The world of science fiction is in many ways limitless. The genre itself suggests futurity, innovation, and an imagining of a world beyond the one in which we live. Yet, speculative fiction seems to rely on the continuous repetition of several tropes, especially when it comes to envisioning racialized and gendered bodies in the future. This is particularly true of speculative fiction productions created and released from the late 1990s to the 2010s. This period of time, as I illustrate through my dossier, churns out many iterations of the artificial female body, whether in a cyborg/humanoid form or as disembodied voices/technologies. Most interestingly, many of these artificial female bodies are racialized as Asians. From sci-fi thriller Ex Machina’s Kyoko to Cloud Atlas’ Sonmi-451, the artificial Asian female body is represented as an object of desire, a docile servant, a clone, a hypermodern geisha, and so on. She/it also tends to fulfill the following roles: 1) domestic helper 2) sex slave/prostitute 3) villainous seductress/insurgent in rebellion.
My project attempts to examine the archetype of the artificial Asian female body and how this body is gendered and racialized, primarily in sci-fi/dystopian films and television shows. Additionally, I draw a connection between imagined artificial female bodies in speculative fiction and gendered technologies (sex dolls, digital home assistants) in real life. I also trace the ways in which the artificial Asian female body is a continuation of the hypersexual “fembot.” Using the frameworks of Orientalism/techno-Orientalism alongside feminist film theory, I analyze the ways in which the artificial Asian female body makes visible masculine mastery and control over technology and the female body, as well as the process of constituting a fetishized and eroticized “Other.” The artificial Asian female body embodies both the Asian American history of exclusion/alienation and contemporary anxieties about the foreign, robot-like Asian body in the current age of global capitalism. Finally, I try to uncover what it would mean for Asian/Asian American artists/writers/filmmakers to reckon with these representations of the Asian body as robot body in projects of cultural production.
Link to Paper: Final paper
Anne Hu’s Cake (2017): A possible method of responding to the hypersexualized artificial Asian female
Haraway, Donna J. “A Cyborg Manifesto,” Manifestly Haraway, University of Minnesota Press, 2016.
Haraway’s text looks toward a feminist posthumanism in its discussion of science, technology, and feminism in the twentieth century. Haraway rejects the rigidity of binaries and instead proposes a hybridized, ambiguous model of the cyborg as a means of restructuring identity. This text will be foundational to my critique of modern-day gendered technologies and my analyses of how gender and sexuality relate to the archetype of the artificial Asian female.
Morley, David, and Kevin Robins. Spaces of Identity: Global Media, Electronic Landscapes and Cultural Boundaries. London: Routledge, 1995.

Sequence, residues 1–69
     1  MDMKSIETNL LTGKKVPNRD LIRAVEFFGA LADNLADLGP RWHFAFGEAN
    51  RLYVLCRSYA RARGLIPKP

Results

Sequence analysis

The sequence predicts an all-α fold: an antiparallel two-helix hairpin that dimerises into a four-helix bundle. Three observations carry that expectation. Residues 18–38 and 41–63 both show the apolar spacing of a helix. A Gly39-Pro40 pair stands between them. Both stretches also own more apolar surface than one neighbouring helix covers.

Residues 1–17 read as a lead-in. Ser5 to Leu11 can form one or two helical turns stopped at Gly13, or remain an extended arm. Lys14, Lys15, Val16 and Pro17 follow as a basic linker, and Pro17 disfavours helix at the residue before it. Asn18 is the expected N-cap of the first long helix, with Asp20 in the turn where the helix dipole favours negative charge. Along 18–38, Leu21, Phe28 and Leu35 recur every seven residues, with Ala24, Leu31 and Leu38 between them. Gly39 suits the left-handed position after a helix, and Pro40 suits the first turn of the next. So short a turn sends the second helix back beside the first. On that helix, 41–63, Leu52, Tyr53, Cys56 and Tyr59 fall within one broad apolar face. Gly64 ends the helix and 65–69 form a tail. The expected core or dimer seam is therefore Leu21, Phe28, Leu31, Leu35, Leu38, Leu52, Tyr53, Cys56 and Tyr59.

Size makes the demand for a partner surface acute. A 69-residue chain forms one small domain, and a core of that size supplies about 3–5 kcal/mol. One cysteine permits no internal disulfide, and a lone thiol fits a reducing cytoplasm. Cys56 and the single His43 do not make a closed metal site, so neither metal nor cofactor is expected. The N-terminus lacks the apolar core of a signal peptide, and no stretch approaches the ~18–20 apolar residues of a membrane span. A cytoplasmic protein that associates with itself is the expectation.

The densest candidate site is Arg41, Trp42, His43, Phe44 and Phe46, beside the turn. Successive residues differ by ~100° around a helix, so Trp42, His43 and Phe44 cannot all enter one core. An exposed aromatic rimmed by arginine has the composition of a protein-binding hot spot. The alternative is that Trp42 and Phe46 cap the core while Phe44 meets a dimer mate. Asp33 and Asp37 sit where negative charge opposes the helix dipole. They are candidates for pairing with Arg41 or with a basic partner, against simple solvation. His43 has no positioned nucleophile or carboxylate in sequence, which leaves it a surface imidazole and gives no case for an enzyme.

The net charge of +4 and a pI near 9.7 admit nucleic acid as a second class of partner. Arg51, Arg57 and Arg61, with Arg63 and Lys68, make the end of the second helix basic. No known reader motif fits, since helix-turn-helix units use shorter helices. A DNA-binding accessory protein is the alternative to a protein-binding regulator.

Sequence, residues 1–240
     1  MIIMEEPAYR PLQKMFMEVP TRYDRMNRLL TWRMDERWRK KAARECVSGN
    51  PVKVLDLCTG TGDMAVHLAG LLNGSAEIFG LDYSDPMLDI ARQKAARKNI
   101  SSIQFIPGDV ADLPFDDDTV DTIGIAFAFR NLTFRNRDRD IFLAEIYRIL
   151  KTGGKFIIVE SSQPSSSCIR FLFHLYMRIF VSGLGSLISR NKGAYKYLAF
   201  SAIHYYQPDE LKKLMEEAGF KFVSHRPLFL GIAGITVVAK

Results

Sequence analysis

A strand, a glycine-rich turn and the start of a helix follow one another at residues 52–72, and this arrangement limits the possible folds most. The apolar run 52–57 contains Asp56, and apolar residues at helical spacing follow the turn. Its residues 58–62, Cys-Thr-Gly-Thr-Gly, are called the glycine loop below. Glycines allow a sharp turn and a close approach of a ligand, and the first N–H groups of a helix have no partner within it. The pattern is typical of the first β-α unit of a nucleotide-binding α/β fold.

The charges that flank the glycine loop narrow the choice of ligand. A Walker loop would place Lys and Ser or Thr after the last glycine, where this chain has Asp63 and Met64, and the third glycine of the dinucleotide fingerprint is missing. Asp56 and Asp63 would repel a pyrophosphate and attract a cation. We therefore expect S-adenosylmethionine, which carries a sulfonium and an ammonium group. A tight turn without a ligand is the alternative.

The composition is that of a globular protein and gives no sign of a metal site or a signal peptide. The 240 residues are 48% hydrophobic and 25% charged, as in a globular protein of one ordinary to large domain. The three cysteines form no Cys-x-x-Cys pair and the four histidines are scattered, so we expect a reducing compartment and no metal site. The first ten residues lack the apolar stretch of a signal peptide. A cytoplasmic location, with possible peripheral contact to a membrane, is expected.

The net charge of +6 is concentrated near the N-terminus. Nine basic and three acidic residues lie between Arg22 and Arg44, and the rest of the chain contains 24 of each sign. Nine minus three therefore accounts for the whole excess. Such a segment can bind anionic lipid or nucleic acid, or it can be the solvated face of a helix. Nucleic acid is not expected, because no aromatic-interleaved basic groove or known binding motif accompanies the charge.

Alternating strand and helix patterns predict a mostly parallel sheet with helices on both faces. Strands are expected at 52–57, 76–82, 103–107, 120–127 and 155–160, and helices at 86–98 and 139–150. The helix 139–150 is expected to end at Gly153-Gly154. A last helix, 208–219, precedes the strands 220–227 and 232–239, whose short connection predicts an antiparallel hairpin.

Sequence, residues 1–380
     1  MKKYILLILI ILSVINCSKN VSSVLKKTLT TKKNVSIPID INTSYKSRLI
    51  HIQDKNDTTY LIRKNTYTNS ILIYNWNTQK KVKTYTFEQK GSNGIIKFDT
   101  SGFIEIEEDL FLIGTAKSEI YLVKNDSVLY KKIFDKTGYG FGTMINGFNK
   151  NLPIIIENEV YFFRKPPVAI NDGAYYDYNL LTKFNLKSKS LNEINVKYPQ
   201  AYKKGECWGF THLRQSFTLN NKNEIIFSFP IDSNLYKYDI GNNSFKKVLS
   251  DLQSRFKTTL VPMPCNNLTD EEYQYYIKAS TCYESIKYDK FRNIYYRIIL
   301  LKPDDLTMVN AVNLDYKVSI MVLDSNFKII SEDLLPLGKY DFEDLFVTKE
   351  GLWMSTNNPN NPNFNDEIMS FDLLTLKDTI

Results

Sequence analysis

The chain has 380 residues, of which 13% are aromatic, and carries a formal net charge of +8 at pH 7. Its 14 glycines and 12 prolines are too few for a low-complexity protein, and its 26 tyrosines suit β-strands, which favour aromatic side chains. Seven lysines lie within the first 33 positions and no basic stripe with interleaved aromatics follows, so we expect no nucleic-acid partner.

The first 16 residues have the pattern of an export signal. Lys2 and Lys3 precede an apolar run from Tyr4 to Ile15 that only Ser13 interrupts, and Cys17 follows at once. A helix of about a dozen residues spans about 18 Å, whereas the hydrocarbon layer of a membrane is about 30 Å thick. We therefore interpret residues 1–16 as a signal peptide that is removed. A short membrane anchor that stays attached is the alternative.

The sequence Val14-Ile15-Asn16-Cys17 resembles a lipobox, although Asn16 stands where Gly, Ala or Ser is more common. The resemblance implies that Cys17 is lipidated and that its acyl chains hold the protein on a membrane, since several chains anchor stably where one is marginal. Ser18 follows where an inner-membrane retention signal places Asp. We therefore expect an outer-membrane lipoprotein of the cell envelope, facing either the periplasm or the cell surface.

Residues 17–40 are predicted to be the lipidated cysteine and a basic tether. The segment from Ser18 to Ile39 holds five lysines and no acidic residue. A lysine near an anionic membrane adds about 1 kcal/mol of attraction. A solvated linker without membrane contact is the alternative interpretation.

Morley and Robins’ book specifically addresses the way in which the formation and transmission of media shape cultural identities in the contemporary age of rapid globalization. The chapter “Techno-Orientalism: Japan Panic” explicates the tensions and anxieties that the West harbors in relation to the Far East and treats Orientalism as a conceptual framework in the context of countries moving rapidly toward modernity.
Mulvey, Laura. “Visual Pleasure and Narrative Cinema,” Screen, Volume 16, Issue 3, 1 October 1975, Pages 6–18
Mulvey’s text is useful in supporting/nuancing my interpretation of the artificial female body and the racialized artificial female body. Mulvey’s text serves as a theoretical lens through which to examine the embodiment of masculine desire and pleasure through the construction of the artificial female body. I use Mulvey’s framework of the male gaze in conjunction with the emergence of the “white gaze” to which the artificial Asian body is also subjected to.
Roh, David S., Betsy Huang, and Greta A. Niu. Techno-Orientalism: Imagining Asia In Speculative Fiction, History, and Media.
This text lays out the different ways in which Asia and Asians are depicted as hypermodern and hypertechnological in various forms of media, with special emphasis on speculative fictions. I will mostly refer to the chapter, “Technologizing Orientalism” in order to define techno-orientalism and form the theoretical groundwork on which to build my analysis of the artificial Asian female body.
Said, Edward W. Orientalism. 1st Vintage Books ed. New York: Vintage Books, 1979.
Said’s Orientalism is fundamental to my project as the text explicates the concept of orientalism, underscoring the perceived dichotomy between the inferior (and homogenous) East and the superior West. Said’s work is canonical to many scholars studying imperialism, racism, and power. This text serves as the theoretical basis of my analysis of the artificial Asian female as exoticized and fetishized “other.” It is also the text that the theory of techno-orientalism draws upon.
Stam, Robert ., and Spence, Louise. “Colonialism, Racism and Representation,” Screen, Volume 24, Issue 2, 1 March 1983, Pages 2–20
Stam and Spence examines “filmic colonialism and racism” as a means of deconstructing racist visual representations. This text uses a textual and intertextual approach to analyze Western cinema’s treatment of “otherness.” I rely mostly on the section, “Imperialism and the Cinema” to contextualize the relationship between the archetype of the artificial Asian female body and the apparatus of power.